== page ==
A new study by the Brennan Center for Justice focused on the impact of “dark” and “gray” money on local elections in six states, including Massachusetts.
The report documents how far outside spending — election spending that is not coordinated with candidates — at the state and local levels has veered from the vision of democratic transparency the Citizens United Court imagined, drawing on an extensive database of news accounts, interviews with a range of stakeholders, campaign finance and tax records, court cases, and social science research.
For the first time, it also measures changes in dark money — and a thus far unrecognized rise in what we term “gray money” — at the state level,by analyzing spender and contributor reports in six of nine states where sufficient usable data were available. This set of six geographically and demographically diverse states, comprising Alaska, Arizona, California, Colorado, Maine, and Massachusetts, represents approximately 20 percent of the nation’s population.
Altogether the review revealed several striking trends:
• On average, only 29 percent of outside spending was fully transparent in 2014 in the states we examined, sharply down from 76 percent in 2006.
• Dark money surged in these states by 38 times on average between 2006 and 2014.
• State super PACs, which are legally required to disclose their donors and thus hold themselves out to be transparent, increasingly reported donations from nonprofit groups that are not, themselves, required to disclose their donors. Donations from dark groups to super PACs increased by 49 times in these states between 2006 and 2014, from less than $190,000 to over $9.2 million.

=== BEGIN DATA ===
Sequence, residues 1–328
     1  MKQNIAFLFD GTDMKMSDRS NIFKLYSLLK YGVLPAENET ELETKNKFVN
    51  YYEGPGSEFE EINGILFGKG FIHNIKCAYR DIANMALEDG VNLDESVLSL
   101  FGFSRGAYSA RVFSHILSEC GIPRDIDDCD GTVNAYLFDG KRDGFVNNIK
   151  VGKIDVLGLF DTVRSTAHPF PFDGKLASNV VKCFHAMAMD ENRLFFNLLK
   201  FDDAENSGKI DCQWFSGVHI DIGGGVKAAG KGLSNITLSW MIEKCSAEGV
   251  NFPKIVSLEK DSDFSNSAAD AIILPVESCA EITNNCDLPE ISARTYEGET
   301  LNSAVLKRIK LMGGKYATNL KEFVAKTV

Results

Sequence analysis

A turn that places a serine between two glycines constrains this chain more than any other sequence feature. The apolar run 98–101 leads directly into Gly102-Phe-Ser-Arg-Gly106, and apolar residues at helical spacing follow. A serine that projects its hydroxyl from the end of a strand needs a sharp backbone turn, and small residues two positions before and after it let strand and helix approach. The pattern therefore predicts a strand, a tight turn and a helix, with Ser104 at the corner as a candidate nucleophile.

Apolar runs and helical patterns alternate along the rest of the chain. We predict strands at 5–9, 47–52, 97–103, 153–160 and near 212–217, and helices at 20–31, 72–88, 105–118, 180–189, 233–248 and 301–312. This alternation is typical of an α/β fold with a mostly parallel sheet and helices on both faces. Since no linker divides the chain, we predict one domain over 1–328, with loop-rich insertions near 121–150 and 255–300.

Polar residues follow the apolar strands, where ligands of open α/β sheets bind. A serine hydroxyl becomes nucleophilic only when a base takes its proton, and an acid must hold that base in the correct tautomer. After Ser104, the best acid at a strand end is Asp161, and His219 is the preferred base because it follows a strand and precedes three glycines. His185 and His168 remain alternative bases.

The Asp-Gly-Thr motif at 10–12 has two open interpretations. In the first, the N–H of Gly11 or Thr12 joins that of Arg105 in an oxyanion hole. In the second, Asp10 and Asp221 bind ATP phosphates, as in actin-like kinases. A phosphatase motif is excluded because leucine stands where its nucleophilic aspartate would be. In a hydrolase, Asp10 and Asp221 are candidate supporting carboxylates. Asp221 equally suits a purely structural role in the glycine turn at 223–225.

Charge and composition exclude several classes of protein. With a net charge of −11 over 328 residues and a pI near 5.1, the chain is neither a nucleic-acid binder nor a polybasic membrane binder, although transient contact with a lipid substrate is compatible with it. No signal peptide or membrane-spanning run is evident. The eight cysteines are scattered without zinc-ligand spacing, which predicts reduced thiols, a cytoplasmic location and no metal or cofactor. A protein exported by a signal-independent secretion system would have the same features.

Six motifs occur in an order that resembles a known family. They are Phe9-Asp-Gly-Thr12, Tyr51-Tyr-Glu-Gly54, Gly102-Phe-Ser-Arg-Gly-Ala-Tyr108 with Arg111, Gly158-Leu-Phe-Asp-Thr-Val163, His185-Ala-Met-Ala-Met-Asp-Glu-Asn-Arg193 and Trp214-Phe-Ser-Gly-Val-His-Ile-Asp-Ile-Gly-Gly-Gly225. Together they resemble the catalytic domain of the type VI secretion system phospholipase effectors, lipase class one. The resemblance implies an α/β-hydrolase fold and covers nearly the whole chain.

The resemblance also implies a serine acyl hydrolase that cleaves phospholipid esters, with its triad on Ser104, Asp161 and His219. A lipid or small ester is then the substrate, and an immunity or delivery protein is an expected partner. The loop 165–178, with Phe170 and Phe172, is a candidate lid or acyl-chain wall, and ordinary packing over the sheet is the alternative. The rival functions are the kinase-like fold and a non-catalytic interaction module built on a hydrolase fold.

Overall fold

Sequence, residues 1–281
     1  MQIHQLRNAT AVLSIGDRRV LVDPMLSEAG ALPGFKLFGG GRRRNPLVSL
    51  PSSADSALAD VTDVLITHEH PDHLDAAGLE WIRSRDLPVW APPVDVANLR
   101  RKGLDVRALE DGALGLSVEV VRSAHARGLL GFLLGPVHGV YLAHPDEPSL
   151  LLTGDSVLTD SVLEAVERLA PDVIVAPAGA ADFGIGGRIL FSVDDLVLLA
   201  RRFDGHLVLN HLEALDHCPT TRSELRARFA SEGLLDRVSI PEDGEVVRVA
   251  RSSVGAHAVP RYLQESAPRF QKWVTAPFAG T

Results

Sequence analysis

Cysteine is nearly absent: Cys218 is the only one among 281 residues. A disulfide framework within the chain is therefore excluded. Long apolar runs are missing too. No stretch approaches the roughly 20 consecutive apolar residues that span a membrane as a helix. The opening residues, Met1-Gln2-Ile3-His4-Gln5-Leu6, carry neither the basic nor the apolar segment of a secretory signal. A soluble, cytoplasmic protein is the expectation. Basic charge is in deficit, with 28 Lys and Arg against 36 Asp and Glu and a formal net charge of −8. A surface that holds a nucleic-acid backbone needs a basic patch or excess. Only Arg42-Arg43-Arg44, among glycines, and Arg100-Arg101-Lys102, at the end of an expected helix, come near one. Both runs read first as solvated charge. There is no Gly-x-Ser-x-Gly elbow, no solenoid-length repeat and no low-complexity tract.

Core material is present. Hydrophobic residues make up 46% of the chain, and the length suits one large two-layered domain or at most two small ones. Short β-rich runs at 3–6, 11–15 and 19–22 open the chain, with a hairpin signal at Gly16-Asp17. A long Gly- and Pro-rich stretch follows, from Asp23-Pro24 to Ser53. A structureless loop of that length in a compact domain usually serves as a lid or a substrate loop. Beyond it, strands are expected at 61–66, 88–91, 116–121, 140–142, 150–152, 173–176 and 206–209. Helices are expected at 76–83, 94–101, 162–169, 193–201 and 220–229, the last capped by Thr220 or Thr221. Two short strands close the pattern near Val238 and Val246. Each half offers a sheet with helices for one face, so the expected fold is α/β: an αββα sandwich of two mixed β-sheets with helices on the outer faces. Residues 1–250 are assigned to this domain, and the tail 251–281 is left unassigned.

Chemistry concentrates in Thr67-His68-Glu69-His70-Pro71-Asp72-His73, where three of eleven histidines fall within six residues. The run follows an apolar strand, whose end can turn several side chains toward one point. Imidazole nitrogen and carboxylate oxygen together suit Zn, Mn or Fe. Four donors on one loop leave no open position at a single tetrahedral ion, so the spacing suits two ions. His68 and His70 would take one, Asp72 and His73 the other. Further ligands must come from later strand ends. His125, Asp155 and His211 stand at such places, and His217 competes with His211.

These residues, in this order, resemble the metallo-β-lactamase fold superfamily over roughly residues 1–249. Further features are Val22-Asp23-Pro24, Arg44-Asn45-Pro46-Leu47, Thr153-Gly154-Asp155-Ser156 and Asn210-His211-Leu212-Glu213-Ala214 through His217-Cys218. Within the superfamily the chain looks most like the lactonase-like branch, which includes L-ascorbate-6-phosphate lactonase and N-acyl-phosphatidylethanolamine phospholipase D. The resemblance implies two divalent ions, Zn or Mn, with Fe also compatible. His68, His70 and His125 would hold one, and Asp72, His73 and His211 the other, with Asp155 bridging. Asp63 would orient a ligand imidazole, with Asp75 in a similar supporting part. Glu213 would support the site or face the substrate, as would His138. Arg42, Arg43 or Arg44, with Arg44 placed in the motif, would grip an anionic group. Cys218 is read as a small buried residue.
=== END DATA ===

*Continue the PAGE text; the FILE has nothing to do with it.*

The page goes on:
• In a troubling new phenomenon, “gray money” has ballooned to nearly 60 percent of all outside spending in 2014, on average in the states examined.
• Measuring dark money alone understates the extent of the transparency problem. There was a sharp rise in what was termed “gray money”: spending by state super PACs that reported other PACs as donors, making it impossible to identify original donors without sifting through multiple layers of PAC disclosures.
• “Gray money” ballooned from 15 percent of all outside spending on average across the six states in 2006 to 59 percent of all outside spending by 2014.
• Dark money at the state and local levels frequently flows from special interests with a direct and immediate economic stake in the outcome of the contest in which they are spending, in contrast to what is often portrayed as the more broadly ideological outside spending at the federal level. When uncovered, secret money at this level has traced back to such sources as a mining company targeting a state legislator who held a key role opposing quicker mining permits, payday lenders supporting an attorney general who promised to shield them from regulation, and food companies battling a ballot measure to add labeling requirements.